- If the sleeve must be knit as a separate piece, follow the side seam methods.
All Bands with selvedge edges (waist line and neck line)
- This would be specific according to the type of band or trim. The bands can be knit separately, then joined to the body; or a foundation row knit to the body selvedge edge, then the band ‘built on’ to the body piece. Since my garment shape shows a 1 x 1 (knit one, purl one) band, Japanese MK would knit the band, transfer all sts to the main bed, with right sides tog, rehang the selvedge waist line edge on the same nds. Knit the ‘seaming – joining row” on a big stitch size. LTBO. Passap MK would rehang the waist line selvedge edge on the front bed needles with the knit side facing you. Knit 1 foundation row (seaming – joining row) in stockinet, then transfer the sts into 1 x 1 rib. Continue knitting for required rows. Knit final row on T8/8 and scrap off on WY. Then LTBO in ribbing to maintain the correct elasticity. HK would knit a foundation row by with knit side facing you, pick up and knit the required number of sts from the waist line selvedge edge. Then continue in k1, p1 ribbing for required distance. BO loosely.
- If you choose to knit a stockinet pattern trim, such as a picot band, the bands would be ‘built on’ by the methods described above.
- Some people choose to always knit their bands separately and join by their preferred hand method such as back stitch or linking together on a ‘Linker”. ( Note: I will write an article on “Linkers” in a future issue for those of you that are not familiar with this assembly tool.)
Sleeve Band with sleeve cuff edge being open stitches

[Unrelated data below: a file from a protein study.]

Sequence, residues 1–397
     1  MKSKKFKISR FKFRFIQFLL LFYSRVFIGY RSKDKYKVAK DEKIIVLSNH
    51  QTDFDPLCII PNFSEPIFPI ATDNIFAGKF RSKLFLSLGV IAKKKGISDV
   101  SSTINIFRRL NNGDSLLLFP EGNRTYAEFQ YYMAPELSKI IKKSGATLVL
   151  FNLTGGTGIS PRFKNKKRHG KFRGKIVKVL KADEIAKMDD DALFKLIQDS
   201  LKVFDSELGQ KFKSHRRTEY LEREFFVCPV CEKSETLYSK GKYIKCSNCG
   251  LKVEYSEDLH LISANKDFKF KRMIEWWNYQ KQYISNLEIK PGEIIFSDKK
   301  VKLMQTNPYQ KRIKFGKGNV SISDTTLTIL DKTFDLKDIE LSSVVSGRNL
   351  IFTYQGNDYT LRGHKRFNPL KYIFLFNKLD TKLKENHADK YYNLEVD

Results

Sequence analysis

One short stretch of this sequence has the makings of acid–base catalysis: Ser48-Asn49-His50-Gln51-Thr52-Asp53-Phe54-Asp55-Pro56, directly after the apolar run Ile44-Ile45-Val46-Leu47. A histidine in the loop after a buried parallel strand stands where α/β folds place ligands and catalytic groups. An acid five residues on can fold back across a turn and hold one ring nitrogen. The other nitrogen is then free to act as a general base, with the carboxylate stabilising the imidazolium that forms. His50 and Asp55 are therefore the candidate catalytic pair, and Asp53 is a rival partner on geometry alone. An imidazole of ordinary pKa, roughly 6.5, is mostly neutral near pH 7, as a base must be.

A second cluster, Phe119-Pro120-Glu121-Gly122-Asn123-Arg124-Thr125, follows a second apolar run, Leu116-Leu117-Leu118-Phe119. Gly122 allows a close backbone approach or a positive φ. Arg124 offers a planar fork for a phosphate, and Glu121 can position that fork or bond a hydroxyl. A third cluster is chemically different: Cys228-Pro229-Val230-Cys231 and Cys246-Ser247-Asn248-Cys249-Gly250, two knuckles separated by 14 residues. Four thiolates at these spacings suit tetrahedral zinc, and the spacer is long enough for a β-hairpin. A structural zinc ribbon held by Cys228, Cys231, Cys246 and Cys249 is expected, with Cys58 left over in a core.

- Same as other bands except you are either (MK) rehanging open stitches first (HK: picking up open stitches). In this case, since the sleeve is ‘square shaped’, the band trim would be on less stitches, so the appropriate number of stitches would be knit tog according to the decrease ratio given in the pattern when the foundation row is formed.
Text for this Category Chenille 2000 by Silk City (2000 yds/lb- 100% viscose) and 6/3 Rayon by SunRay (1600 yds/lb – 100% rayon) make a wonderful combination for this garment. An equivalent yarn for the 6/3 Rayon is Silk Cities Slinky (1600 yds/lb – 100% viscose). It has the same shiny, smooth texture and yardage. I love the soft feel of the chenille and the crisp shine of the smooth twist rayon or viscose. These two yarns combined in a tone on tone color way result in a classic garment. It is always useful to understand some characteristics of the yarn fibers when you choose the yarns to use in your project. This is also necessary so you will know if there are any ‘first aid guide” tricks you should apply when knitting with them. See my previous article in Machine Knitters Source Issue 118: Professional Polishing, for details.
Since I chose a stripe pattern with two different yarns, the first thing to remember is that you must ‘compromise’ the stitch size of each yarn to obtain the same stitch gauge – stitches per inch or centimeter for both the chenille and rayon. In this case, since the yarns are close enough in yardage/lb, stitch size 6 on a standard gauge brother knitting machine gave 6.8 stitches per inch for both yarns. But I have knit with yarns that I had to use a different stitch size (needle) for each yarn. (see Passap swatch information: Figure 3) For example on a standard gauge Brothers machine, rayon boucle knit with ribbon stripes, I use stitch size 6 and 8, respectively. (HK use size 3 needle: see hand knit swatch : Figure 4). The row gauge/inch/cm will be different for the chenille (9.7 rows/”) and rayon (15.6 rows/”). To compensate for this I determine the row gauge of the pattern multiple – the 2 stripes together which was 12 rows/inch.